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Every so often, the death knell of local music is rung. Some pop culture observer, often wistfully recalling the glory days of Rivermaya and Eraserheads, will come out with a scathing critique of our current musical landscape.
But I’ll let you in on a secret: OPM isn’t dead. Not even close. You just have to know where to look, and accept that things have changed. “Come on guys, it’s 2017.” (Lustre, 2017)
Remember the days when you once had to take a trip to a record bar just to buy a CD, or wait all day for a music video channel to briefly play your favorite song? Now you’re only a few taps away from purchasing an entire album online, and only a few seconds away from watching a music video on YouTube.
And it’s not just the audience who has benefited from this massive media shift. Gone are the days when national radio or cable television was the only way for artists to gain listeners. With the proliferation of audio and video streaming and distribution services such as Spotify and Soundcloud, every garage band and bedroom DJ has an equal chance at fame.
So yes, it’s true that the landscape has changed. But the talent? That definitely hasn’t. The music in this country is as vibrant and talented as ever.
Enter Mandaue Nights, Cebu’s answer to the synth pop/synthwave revival movement. Composed of Karl Lucente and Gino Rosales, Mandaue Nights combines breezy Bisaya lyrics with a dreamy 80s pop sound to fill a musical need we didn’t even know we had. The six songs on their New Wave-inspired Love City EP (a mixture of Bisaya and English songs; available on Spotify and iTunes) are all deeply personal and evoke their hometown of Mandaue – think midnight drives, empty highways, and city lights that have doubtless inspired countless other Cebuano artists.
On their debut single “You & I,” a sparkling nostalgia-driven beat is accompanied by simple, heartfelt lyrics (“Basta naay ikaw ug ako”) that immediately hit home. (Fun fact: this was the very first song the duo ever worked on!) “First Kiss” taps into the heady high and physical rush of falling in love, with mentions of cold sweats and hands that won’t stay still. The lover’s repeated question of “Unsay kalaki nato?” (Ano ba tong ginagawa natin?) is pleading yet hopeful, and easily captures the intense yearning of young love. The band goes bittersweet on “Turn Back Time,” singing about regret and wasted moments, while somehow still sounding like this could have been played at your high school prom. “Take Me”, featuring fellow Cebuano duo Sepia Times, will instantly take you to the dance floor with its carefree vibe and endlessly danceable sound. The EP ends with the sleek “Super Sonic Love” featuring Eskina Jones, a tribute to a fluorescent whirlwind romance.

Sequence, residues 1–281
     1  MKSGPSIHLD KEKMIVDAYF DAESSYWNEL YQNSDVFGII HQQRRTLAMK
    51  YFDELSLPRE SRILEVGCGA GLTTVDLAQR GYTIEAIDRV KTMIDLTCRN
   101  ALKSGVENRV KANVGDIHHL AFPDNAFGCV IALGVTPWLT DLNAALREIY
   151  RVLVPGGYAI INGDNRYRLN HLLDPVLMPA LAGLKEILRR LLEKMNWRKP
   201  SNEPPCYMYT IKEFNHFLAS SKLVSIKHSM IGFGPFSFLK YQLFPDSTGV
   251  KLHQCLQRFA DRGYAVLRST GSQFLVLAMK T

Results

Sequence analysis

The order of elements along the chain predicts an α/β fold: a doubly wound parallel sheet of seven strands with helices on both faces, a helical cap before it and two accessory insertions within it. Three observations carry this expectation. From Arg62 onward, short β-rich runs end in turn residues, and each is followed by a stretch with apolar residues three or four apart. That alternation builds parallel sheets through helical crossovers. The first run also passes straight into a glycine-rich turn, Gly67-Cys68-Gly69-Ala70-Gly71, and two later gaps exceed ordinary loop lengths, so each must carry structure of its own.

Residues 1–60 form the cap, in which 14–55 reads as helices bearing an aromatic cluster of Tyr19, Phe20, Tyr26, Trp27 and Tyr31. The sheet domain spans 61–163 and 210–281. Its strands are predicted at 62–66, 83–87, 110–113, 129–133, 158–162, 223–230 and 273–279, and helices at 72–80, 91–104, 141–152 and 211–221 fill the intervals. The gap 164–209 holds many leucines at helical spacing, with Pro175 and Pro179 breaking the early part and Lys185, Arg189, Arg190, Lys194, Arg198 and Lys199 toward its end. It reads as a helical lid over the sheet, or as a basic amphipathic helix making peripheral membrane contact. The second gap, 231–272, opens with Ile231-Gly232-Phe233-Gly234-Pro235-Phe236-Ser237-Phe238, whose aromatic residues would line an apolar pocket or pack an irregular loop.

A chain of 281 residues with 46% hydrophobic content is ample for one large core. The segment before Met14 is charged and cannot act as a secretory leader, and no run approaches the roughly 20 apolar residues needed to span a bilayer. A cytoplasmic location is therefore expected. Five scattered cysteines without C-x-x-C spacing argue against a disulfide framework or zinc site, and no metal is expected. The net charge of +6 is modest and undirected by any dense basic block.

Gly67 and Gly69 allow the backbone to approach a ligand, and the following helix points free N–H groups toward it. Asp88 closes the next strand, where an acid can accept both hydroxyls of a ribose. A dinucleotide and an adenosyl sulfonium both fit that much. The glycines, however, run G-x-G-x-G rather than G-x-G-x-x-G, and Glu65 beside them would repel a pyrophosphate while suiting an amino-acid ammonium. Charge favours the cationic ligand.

Like many local indie artists today, Mandaue Nights is a true product of the Internet age, successfully utilizing social media to publish and promote their own music. “We just started posting it on Facebook and then to other social media sites,” Karl shares. With a little extra help from their friends Amira Al-alawi and Nikko Tan, Mandaue Nights soon grew to 4K Likes on Facebook in just over a year. The band is also fairly active on Twitter and Instagram, where they announce their gigs, share fan art, and post candid photos. Though they claim that they don’t really have a fanbase yet (“All I can see are just supportive friends, as always,” claims Gino), it’s hard to deny their growing audience.
Going digital has truly opened the playing field and helped several independent artists reach commercial success beyond just their immediate audience. Services like Spotify and YouTube, which help the duo earn revenue on top of their live performances, have also allowed them to easily reach listeners outside Mandaue, gaining fans in Manila, Butuan, Cagayan de Oro, and even outside the country. They currently have 2,793 monthly listeners on Spotify (with over 50k streams for “You & I” alone), and the “First Kiss” music video has garnered over 18k views on YouTube. They recently appeared on Rappler Live Jam, performing songs from their EP and doing a short skit where they teach Bisaya words. Thanks to the audience they’ve built up online, they’ve also performed in several music festivals and gigs outside Cebu.
Along with other regional acts such as Missing Filemon, The Ambassadors, and Smooth Friction, Mandaue Nights represents the new guard in the Pinoy music scene. These artists aren’t afraid to explore their musical boundaries while still paying homage to their roots, and their fans love them for it. For Mandaue Nights’ non-Bisaya-speaking fans, the language divide is bridged by Tagalog captions on their music videos, but it doesn’t really matter. Their songs are a #MOOD, and the emotions are universal.
When asked about what’s next for Mandaue Nights, Karl and Gino remain focused on their art. “We’ll just keep making music, and letting our music reach the other parts of Visayas and Mindanao.” The duo is also expanding, with new member Victor Titus coming in as their drummer, so expect more live performances and new songs soon. We’ve already seen great things from Mandaue Nights, and we’re all excited for what’s to come.
The future of original Pinoy music remains bright.
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